Content of the policy – recognition of the key elements of the policy; and Policy development – actors, stakeholders and their interests.
Conclusions and recommendations are based on a review of policies introduced from the year 2000.
It should be noted that NCDs, nutrition and the food environment are recognized as important policy issues and well framed in policy documents prepared by the health sector, mainly by the Ministry of Health.
Content of the policy
Healthy food consumption, healthy food production, social marketing and health promotion campaigns, nutrition labelling, nutrition education and healthy food retailing are the areas relatively well covered. in the policy documents reviewed. However, many policy documents do not pay enough attention to some crucial aspects such as funding sources, governance, gender sensitivity and stakeholder identification. For example, the National Health Strategic Master Plan 2016-2025 Preventive Services Program – Food Safety states, “The Government of Sri Lanka will take responsibility in terms of finance and resource allocation to improve food safety” as an assumption.8 But it does not explain or present the financial sources and mechanisms to be used for this purpose. Similarly, in most policy documents, there is no explicit commitment to adopt fiscal measures to achieve the objectives specified in those respective policies.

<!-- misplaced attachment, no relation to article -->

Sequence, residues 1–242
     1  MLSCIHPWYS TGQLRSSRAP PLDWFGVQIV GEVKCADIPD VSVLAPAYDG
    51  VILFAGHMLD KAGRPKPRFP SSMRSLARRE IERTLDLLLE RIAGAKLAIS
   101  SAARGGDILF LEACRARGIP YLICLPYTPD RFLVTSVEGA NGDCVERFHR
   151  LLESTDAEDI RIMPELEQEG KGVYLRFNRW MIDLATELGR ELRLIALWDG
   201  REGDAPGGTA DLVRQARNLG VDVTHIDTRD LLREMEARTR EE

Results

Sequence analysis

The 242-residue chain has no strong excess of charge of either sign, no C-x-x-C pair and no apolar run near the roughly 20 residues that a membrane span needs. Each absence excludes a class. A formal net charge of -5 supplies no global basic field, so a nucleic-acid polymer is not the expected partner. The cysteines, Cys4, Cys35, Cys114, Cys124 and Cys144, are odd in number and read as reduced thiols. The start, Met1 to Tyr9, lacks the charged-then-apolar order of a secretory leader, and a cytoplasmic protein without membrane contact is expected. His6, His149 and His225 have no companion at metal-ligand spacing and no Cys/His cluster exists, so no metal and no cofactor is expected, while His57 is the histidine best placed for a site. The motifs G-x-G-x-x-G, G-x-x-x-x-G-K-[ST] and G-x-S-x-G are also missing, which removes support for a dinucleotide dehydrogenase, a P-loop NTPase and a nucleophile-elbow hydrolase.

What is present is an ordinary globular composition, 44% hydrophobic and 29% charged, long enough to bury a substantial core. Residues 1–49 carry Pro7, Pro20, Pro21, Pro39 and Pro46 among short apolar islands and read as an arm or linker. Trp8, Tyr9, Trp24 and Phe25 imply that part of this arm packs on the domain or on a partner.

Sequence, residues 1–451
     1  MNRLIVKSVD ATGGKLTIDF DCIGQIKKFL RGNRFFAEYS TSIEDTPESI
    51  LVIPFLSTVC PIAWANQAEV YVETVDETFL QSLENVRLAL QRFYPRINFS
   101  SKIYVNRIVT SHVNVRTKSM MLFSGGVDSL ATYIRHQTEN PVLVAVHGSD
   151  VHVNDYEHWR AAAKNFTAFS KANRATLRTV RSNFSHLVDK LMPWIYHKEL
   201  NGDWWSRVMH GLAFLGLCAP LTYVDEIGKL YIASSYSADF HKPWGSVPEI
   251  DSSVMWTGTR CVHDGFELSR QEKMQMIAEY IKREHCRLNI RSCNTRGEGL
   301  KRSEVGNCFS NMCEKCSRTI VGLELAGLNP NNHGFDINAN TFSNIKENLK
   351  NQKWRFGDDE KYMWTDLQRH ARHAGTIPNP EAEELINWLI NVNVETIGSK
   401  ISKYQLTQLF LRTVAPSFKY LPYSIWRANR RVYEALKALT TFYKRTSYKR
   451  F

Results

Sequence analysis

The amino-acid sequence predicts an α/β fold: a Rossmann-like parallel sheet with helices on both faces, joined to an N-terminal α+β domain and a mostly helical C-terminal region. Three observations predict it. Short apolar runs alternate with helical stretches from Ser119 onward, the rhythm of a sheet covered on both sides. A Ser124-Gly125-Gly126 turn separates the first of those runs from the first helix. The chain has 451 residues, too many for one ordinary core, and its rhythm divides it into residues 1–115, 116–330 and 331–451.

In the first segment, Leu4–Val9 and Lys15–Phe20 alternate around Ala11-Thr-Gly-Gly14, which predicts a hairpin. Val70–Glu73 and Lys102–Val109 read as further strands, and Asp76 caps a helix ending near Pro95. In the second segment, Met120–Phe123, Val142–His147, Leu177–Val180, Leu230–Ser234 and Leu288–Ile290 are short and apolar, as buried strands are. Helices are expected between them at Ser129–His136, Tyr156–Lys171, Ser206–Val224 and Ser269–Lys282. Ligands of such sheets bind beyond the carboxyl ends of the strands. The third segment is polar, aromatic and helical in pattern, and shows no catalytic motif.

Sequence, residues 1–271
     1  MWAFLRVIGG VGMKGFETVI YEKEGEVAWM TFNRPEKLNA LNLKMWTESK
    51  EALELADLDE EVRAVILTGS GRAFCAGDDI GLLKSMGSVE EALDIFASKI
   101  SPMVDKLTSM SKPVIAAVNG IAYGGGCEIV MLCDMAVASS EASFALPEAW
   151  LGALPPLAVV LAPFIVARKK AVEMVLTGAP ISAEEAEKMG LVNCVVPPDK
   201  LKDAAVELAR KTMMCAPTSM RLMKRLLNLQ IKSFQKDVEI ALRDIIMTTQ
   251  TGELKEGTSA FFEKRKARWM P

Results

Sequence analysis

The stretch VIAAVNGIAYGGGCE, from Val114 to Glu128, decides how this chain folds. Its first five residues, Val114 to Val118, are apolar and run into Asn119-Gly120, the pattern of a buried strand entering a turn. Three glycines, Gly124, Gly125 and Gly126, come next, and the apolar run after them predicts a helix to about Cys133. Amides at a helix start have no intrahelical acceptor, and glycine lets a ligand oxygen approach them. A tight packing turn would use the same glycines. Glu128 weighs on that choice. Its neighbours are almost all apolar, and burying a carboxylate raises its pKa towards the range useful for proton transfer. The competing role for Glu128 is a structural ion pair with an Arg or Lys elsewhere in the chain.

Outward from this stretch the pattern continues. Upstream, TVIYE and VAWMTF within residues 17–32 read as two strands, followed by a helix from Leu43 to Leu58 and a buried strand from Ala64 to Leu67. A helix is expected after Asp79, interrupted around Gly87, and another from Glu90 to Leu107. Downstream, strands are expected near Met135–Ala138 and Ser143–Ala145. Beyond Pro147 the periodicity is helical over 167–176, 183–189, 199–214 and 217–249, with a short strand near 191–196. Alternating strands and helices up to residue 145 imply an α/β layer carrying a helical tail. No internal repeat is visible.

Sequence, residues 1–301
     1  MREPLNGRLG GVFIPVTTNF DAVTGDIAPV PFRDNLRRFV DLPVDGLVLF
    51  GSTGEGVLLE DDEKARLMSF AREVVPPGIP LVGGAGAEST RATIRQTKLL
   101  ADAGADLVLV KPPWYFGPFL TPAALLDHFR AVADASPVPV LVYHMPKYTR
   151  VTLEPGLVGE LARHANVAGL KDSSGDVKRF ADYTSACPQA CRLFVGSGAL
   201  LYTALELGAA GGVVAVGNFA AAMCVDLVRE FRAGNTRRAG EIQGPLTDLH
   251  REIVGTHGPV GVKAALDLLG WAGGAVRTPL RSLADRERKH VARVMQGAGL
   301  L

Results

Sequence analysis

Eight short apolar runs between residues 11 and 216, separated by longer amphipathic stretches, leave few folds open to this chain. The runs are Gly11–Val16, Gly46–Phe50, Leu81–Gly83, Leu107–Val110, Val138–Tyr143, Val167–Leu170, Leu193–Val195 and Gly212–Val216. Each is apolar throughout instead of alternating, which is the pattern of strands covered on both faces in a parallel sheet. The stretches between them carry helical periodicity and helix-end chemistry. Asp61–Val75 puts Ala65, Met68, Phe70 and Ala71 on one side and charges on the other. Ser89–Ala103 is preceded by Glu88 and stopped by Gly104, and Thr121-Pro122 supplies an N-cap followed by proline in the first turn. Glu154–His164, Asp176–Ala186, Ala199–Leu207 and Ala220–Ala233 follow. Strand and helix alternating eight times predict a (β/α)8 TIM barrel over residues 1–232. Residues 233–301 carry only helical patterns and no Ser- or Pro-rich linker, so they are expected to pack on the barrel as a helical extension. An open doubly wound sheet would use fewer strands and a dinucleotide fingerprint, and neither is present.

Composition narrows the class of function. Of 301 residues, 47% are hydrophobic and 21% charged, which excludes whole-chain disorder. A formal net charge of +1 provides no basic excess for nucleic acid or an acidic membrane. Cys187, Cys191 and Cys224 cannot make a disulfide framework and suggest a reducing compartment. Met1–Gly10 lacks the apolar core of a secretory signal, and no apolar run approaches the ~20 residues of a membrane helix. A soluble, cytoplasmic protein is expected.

The Ministry of Health plays a central role in shaping policies to reduce non-communicable diseases, promote healthy diets and establish a safer food environment in Sri Lanka. In addition to the Ministry of Health, the Ministry of Agriculture has also shown interest in nutrition and the food environment. Production of safe food, marketing and trade, and nutrition education are some of the key areas covered by agricultural sector policy documents. Apart from these two ministries, other public sectors have not shown significant interest in NCDs, nutrition or the food environment.
In addition, international development partners such as the World Health Organization (WHO), United Nations Children’s Fund (UNICEF), United Nations Population Fund (UNFPA), World Food Program (WFP) and the World Bank (WB) are important stakeholders playing a supporting role in improving nutritional status and the food environment and addressing non-communicable disease issues.
Continue to focus on policy development and cover critical policy elements: